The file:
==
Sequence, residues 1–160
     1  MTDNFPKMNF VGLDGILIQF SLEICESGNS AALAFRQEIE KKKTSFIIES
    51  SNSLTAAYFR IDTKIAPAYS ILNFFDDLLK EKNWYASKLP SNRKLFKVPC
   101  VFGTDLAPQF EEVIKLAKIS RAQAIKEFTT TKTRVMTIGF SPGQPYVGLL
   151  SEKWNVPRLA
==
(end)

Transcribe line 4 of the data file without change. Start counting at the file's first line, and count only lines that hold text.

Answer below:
   101  VFGTDLAPQF EEVIKLAKIS RAQAIKEFTT TKTRVMTIGF SPGQPYVGLL